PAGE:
I'm looking to adopt an OES. I have plenty of experiance with them. I live 1 hr. outside of philly. Keep me in mind. Carla James
I would like to know the price of a long haired chihuahua so I can buy me one sometime before the summertime ends this year okay I really love small puppies and I really want a long haired chihuahua one day soon mary schaefer
I will have a female chorkie for sale April 19th,I think,The Mom is a registered Chihuahua,she has her papers,she is long haired.The Dad is a Tea Cup Yorkie-as you see in my pic.He has his papers,but they were never mailed in,so therefore the puppy wont have papers,sorry to say. The puppy will be black and rust colored. They were born Feb. 21st. My tea cup yorkie weighs about 3 pounds,and the Mom weighs about 8 pounds I believe.Any other questions plz feel free to ask. Chanda Walden-Volz
i have a 2month old pure Queensland heeler name spike that needs a good home. I am not able to provide a warming home at this time due to being evicted because of having him. i received the puppy as a birthday present from my grandmother and i feel so bad that i cant provide for him. jordan
I've grown up with Chihuahuas. I got my first one about 4 years ago and since that shes had two liters of pups. My dad kept one of the first ones. He was a long hair and we all loved him very much. Just last friday he got hit and dad is so upset over it so we're trying to get a male long hair to breed with Misty, my dog. Wish me luck sammie
My first Westy, Phoebe lived with my daughter in England for 17 years. Lived all over the world. A lot of time on a bicycle in France. Wonderful, and my daughter totally bereft when sh died. I have a westi too, in the USA, she is now 10 years old. I adore her beyond words. The best in the world. I want to buy my daughter in England one. Very young. She lives in the heart of herefordshire. Where can I get an inexpensive one for her please. I,m going over to England April 11 th for two months and would like to find one for my daughter Tetesa. Love Marjorie hart Anonymous
Greyhounds are sweet, sensitive and reserved. Although they do shed some, they are one breed that does not typically trigger allergies. They can be timid, but if well socialized are affectionate and loyal companions. Greyhounds do not bark excessively and even adopted racing and show dogs can do quite well as pets. Greyhounds rarely have hereditary health problems, though osteosarcoma and esophageal disorders are sometimes found in these dogs. However they can develop bloat, which can be life threatening for them, and they are very sensitive to some drug treatments as well as pesticides These should be considered when selecting a Greyhound for a pet.
Breed Type The Greyhound is a breed of sighthound. Known for its amazing speed, it is currently bred for hunting, racing and companionship. This breed is sensitive to cold weather.
Background This breed has a very long history, it is the only dog breed mentioned in the Bible. The greyhound came to England in the fifth century. Although much is uncertain about the breed's origin, it is thought to have come from Egypt. Early Greyhounds were used for hunting and in medieval times, royalty had Greyhounds bred to produce various colors.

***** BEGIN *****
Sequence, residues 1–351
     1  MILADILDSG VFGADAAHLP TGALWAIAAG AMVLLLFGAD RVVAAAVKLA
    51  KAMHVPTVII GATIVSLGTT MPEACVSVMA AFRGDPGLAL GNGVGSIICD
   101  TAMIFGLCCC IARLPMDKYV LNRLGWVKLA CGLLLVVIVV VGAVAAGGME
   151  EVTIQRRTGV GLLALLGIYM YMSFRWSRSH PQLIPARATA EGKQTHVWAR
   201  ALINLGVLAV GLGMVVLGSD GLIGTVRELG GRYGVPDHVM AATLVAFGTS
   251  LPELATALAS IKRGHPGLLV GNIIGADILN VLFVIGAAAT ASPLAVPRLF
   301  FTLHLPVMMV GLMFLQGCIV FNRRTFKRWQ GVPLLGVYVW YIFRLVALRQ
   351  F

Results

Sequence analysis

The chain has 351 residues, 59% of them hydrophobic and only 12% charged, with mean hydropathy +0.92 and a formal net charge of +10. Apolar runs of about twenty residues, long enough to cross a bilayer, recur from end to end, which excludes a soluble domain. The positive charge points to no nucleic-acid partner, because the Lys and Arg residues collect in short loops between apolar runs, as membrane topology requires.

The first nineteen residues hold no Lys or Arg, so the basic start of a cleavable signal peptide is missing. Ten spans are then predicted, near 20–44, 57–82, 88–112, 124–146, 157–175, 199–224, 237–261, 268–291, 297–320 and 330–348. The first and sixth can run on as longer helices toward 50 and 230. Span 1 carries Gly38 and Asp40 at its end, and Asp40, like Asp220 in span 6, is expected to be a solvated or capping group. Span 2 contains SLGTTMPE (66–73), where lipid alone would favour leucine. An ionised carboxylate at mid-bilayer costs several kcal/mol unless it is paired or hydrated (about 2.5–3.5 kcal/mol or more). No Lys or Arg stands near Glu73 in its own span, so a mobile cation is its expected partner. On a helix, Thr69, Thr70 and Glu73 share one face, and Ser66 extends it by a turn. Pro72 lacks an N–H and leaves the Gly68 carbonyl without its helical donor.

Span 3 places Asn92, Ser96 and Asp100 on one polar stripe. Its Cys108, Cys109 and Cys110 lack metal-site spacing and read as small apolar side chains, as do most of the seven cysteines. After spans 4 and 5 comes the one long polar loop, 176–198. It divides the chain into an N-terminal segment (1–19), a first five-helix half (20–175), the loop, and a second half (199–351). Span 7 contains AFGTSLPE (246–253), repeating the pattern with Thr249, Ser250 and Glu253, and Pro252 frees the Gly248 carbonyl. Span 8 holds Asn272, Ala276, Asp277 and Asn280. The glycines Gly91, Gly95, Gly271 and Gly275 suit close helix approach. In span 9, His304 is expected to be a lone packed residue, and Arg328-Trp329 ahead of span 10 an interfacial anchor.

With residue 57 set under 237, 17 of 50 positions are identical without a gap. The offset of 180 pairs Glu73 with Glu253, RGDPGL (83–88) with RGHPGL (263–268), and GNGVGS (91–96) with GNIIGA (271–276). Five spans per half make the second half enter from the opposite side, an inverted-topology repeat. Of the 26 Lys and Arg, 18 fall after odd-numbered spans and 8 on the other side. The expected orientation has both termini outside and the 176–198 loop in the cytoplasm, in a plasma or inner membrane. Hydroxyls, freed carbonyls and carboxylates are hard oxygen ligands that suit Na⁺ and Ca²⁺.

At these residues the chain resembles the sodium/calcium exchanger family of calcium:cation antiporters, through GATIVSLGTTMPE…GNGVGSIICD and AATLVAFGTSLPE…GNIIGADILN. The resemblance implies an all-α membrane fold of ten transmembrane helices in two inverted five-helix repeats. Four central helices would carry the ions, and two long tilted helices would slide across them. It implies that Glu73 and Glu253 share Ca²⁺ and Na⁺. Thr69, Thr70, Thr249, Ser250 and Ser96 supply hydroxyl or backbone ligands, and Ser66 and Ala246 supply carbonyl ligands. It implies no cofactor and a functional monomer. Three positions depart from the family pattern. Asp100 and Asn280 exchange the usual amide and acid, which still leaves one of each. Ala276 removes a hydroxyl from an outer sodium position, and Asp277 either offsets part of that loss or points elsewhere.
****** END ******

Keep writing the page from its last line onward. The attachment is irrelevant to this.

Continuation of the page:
Description Greyhounds are tall and sleek, with deep chests and curved spines. The head has a unique shape, with a wide skull, a nearly imperceptible stop, and tapered muzzle. The ears are small and folded, and the eyes small and dark. Their coats come in a wide variety of colors, both solid and combination, thirty of which are recognized by kennel clubs. Males are 28-30 inches tall and weigh 65-70 pounds, and females 27-28 inches tall and 60-65 pounds.
Care and Feeding Greyhounds do best on a diet of chicken, lamb and barley. They should eat a few small meals each day to help prevent bloat. They need regular brushing. Dry shampoo is sufficient for cleaning, and should only be used when necessary. Greyhounds need regular checkups to stay healthy, but it is important to keep in mind that they are quite sensitive to drugs. Vaccinations should be given as follows:
Greyhounds shed moderately, necessitating regular vacuuming, but this breed does not typically trigger allergies.
Housing Your Dog Greyhounds can live indoors or out in moderate climates. They can be outside in cold climates, but they will need a sweater or coat to keep them warm. This breed can thrive in a small space and needs a soft bed to sleep on to prevent the development of sores.
Social Behaviors Greyhounds can be timid, so it is important that they are well socialized when they are young. They are friendly with other dogs, but are not suitable for small children. Most can be trained to refrain from chasing small pets.
Handling and Training This breed is rather independent, and that sometimes presents difficulties in training. Firm, gentle and consistent training with positive reinforcement can be successful. Housebreaking may go slowly for Greyhounds.
Activities Greyhounds need plenty of exercise, including a daily walk and plenty of time to run off leash. A fenced-in yard is recommended.
Breeding/Reproduction Health problems of the Greyhound that may be linked to genetics include esophageal disorders and cancer. Bloodlines of potential mates should be checked for these things.
Common Health Problems A primary health concern for Greyhound owners is bloat. This can be prevented with proper feeding practices. If bloat does occur, prompt medical attention is necessary to save the dog's life. Greyhounds are also sensitive to drugs, including pesticides.
Availability Greyhound puppies are somewhat rare, but adult ex-racing dogs can often be found through rescue organizations. Cost of puppies is typically $1,000-$2,000.